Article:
Today’s International Women’s Day. A whole lot of people in this corner of the world are talking and writing about how far we’ve come as women, as well as how much further we have to go before we reach equality in both work and domestic spheres. And then there’s this separate series of conversations happening about “feminism”: women who identify as such, women who refuse to use the word, women who get hostile and angry towards other women who do not take on the mantle of feminism as their own. The political is getting very personal in some of these debates, and I’m left feeling like if I don’t own my beliefs as “feminism,” I’m doing it wrong.
Let’s take a look at the history of Western feminism, though, for some perspective. What we see as first-wave feminism, the 19th and early 20th-century fight for legal recognition of women as persons, with all of the rights that other legally-recognized persons have access to (most importantly, though not exclusive to the right to vote). Not all women, though. Not Black women, not indigenous women, not “feeble-minded” women.
And then there’s second-wave feminism. Anyone here read Betty Friedan’s The Feminine Mystique? With its focus on the malaise of women as housewives, it’s seen as one of the most influential books of the twentieth-century. And it’s an entirely foreign concept to those women who have worked every day of their lives from childhood to ensure that their families had enough money for ongoing food and shelter. There was no examination of the privileged position of the (white, middle-to-upper-class, university-educated) women whose experiences were collected for this work. Let’s not forget that Friedan also famously referred to lesbians in the feminist movement as the “lavender menace” when, as president of the National Organization of Women (NOW), she identified lesbian interests and causes as something that would threaten the movement as a whole.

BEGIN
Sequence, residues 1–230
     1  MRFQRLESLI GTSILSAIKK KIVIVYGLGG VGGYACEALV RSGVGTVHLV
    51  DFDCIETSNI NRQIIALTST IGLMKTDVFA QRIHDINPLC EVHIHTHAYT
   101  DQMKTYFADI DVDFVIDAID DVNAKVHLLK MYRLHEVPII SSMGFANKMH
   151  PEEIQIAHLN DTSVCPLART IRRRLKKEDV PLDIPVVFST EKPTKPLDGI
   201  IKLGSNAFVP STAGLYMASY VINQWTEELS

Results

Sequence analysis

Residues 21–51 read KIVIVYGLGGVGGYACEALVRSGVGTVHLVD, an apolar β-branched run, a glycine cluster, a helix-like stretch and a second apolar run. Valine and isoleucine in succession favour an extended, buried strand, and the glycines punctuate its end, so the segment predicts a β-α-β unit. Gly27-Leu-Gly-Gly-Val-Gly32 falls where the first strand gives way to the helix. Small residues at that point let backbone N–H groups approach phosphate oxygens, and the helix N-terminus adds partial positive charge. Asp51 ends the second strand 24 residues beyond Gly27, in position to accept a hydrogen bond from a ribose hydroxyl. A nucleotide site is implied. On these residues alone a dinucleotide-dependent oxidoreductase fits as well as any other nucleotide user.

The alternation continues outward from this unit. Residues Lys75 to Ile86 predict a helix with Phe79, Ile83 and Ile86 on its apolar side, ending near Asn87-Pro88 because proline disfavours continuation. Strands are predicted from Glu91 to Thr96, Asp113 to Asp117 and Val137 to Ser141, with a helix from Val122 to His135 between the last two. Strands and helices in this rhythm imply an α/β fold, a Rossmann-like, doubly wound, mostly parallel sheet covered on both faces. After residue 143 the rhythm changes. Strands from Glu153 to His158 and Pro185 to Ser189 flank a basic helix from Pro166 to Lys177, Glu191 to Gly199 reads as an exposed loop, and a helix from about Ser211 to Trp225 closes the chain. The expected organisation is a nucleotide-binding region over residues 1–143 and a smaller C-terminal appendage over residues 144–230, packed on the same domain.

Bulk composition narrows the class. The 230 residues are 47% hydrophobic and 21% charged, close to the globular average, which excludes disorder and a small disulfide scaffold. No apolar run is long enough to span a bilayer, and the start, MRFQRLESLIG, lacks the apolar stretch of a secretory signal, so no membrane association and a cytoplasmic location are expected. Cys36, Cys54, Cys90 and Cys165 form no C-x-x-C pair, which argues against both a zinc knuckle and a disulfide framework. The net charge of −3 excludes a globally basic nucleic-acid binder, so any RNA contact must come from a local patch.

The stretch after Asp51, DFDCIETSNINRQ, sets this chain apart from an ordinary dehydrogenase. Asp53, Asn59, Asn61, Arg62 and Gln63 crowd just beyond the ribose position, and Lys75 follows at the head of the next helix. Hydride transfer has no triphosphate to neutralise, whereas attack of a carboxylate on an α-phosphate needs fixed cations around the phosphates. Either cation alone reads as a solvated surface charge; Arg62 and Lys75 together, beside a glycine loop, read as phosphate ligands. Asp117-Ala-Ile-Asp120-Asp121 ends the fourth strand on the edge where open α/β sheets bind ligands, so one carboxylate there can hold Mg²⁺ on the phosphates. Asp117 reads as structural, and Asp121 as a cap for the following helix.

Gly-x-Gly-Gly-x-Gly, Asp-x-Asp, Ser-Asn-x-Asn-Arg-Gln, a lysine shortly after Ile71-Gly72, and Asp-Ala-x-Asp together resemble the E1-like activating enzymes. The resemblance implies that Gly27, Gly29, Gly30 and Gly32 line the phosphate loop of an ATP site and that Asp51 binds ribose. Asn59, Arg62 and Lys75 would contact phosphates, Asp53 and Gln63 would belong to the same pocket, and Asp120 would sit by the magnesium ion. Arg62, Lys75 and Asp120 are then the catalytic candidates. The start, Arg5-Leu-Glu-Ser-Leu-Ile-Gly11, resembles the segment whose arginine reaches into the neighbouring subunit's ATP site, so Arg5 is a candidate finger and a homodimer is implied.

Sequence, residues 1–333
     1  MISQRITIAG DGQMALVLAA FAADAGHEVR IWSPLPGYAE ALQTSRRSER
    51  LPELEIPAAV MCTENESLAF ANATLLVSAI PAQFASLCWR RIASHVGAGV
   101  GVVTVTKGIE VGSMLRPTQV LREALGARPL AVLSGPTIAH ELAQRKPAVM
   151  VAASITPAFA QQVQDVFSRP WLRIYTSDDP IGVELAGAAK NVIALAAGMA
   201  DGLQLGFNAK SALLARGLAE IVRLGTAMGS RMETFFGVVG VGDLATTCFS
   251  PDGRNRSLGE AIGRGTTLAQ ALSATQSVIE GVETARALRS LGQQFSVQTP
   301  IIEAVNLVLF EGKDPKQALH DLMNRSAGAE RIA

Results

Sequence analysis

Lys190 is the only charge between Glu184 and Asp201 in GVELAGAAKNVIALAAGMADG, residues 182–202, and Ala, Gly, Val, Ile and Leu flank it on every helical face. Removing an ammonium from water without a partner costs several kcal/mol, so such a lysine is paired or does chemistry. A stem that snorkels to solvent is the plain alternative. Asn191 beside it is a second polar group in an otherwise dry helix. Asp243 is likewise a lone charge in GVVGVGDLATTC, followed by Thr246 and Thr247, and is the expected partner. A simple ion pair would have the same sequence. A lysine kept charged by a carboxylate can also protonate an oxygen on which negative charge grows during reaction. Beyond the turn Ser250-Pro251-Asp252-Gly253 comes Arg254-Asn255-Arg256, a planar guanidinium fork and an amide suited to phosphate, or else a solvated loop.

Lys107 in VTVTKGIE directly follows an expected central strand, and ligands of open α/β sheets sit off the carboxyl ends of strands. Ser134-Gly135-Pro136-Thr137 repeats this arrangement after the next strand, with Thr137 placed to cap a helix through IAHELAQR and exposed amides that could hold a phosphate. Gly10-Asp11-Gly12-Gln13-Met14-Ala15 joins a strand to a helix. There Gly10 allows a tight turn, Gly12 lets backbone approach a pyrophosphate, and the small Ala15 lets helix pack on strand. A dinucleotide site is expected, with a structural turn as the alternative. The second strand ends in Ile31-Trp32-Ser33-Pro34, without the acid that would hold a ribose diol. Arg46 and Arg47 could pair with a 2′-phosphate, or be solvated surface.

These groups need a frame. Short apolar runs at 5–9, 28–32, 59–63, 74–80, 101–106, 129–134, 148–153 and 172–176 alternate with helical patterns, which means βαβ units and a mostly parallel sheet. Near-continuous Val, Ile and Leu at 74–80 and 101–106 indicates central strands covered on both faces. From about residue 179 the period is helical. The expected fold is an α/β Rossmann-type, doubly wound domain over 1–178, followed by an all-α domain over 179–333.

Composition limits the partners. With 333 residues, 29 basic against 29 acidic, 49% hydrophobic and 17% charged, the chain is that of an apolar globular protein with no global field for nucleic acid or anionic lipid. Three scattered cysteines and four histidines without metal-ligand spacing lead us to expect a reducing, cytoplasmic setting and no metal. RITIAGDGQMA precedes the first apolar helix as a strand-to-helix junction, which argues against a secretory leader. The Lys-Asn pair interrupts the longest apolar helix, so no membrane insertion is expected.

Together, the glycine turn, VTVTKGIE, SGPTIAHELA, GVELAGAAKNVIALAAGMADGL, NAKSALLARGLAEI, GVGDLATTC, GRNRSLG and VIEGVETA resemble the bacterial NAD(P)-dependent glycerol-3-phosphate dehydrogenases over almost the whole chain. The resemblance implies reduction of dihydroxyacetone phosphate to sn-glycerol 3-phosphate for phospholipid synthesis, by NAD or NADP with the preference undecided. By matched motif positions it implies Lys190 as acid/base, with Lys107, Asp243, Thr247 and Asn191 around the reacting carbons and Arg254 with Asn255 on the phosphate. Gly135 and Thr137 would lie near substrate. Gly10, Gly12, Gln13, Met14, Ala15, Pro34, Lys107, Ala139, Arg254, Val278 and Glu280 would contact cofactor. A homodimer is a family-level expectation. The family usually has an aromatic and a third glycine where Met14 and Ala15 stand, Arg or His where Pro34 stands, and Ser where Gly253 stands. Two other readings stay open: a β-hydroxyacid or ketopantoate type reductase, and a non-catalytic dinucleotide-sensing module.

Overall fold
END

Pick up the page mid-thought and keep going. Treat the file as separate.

Don’t get me wrong: self-identified feminists and the movement as a whole has led to significant positive change for (many) women and girls. I like being able to vote, attend university, (more or less) have control over my reproductive choices, and raise my children as a never-married single parent without being slut-shamed. The fact that husbands no longer have the legal right to beat and rape their wives – that’s feminism (the fact that many continue to do it anyway is misogyny).
I identify as a feminist. Heck, I even have a degree in Women’s Studies. But I do so with caution and with the understanding that many people have incredibly legitimate reasons for NOT feeling comfortable with that identifier. Women of colour, Aboriginal women, generational poor women, women with disabilities, queer women, women who work in the sex industry — those of us who continue to be othered have valid concerns with feminism past and present.
In-fighting among women over how other(ed) women may identify doesn’t help us. Solidarity with women who are engaged in like-minded work, regardless of what that work is called, is far more effective.
Happy International Women’s Day.